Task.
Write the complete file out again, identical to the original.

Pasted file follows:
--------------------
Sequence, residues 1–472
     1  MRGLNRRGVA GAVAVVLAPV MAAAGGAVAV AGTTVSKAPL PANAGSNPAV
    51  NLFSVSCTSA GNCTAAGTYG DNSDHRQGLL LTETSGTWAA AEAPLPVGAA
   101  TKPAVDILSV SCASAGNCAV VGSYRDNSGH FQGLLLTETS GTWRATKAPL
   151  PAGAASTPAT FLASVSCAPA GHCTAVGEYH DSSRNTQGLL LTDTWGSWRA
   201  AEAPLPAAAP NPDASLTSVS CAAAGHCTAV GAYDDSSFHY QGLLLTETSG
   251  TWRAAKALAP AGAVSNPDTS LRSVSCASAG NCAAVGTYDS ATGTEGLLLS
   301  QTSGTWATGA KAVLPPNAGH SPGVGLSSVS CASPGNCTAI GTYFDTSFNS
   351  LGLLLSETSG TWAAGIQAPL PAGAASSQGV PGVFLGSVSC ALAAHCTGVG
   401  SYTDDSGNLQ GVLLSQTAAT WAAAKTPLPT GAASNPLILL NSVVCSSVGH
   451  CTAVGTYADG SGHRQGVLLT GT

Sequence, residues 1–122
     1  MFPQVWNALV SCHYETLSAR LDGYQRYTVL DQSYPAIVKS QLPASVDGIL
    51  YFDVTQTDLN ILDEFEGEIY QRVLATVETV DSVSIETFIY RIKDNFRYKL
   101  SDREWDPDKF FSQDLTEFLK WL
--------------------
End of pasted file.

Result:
Sequence, residues 1–472
     1  MRGLNRRGVA GAVAVVLAPV MAAAGGAVAV AGTTVSKAPL PANAGSNPAV
    51  NLFSVSCTSA GNCTAAGTYG DNSDHRQGLL LTETSGTWAA AEAPLPVGAA
   101  TKPAVDILSV SCASAGNCAV VGSYRDNSGH FQGLLLTETS GTWRATKAPL
   151  PAGAASTPAT FLASVSCAPA GHCTAVGEYH DSSRNTQGLL LTDTWGSWRA
   201  AEAPLPAAAP NPDASLTSVS CAAAGHCTAV GAYDDSSFHY QGLLLTETSG
   251  TWRAAKALAP AGAVSNPDTS LRSVSCASAG NCAAVGTYDS ATGTEGLLLS
   301  QTSGTWATGA KAVLPPNAGH SPGVGLSSVS CASPGNCTAI GTYFDTSFNS
   351  LGLLLSETSG TWAAGIQAPL PAGAASSQGV PGVFLGSVSC ALAAHCTGVG
   401  SYTDDSGNLQ GVLLSQTAAT WAAAKTPLPT GAASNPLILL NSVVCSSVGH
   451  CTAVGTYADG SGHRQGVLLT GT

Sequence, residues 1–122
     1  MFPQVWNALV SCHYETLSAR LDGYQRYTVL DQSYPAIVKS QLPASVDGIL
    51  YFDVTQTDLN ILDEFEGEIY QRVLATVETV DSVSIETFIY RIKDNFRYKL
   101  SDREWDPDKF FSQDLTEFLK WL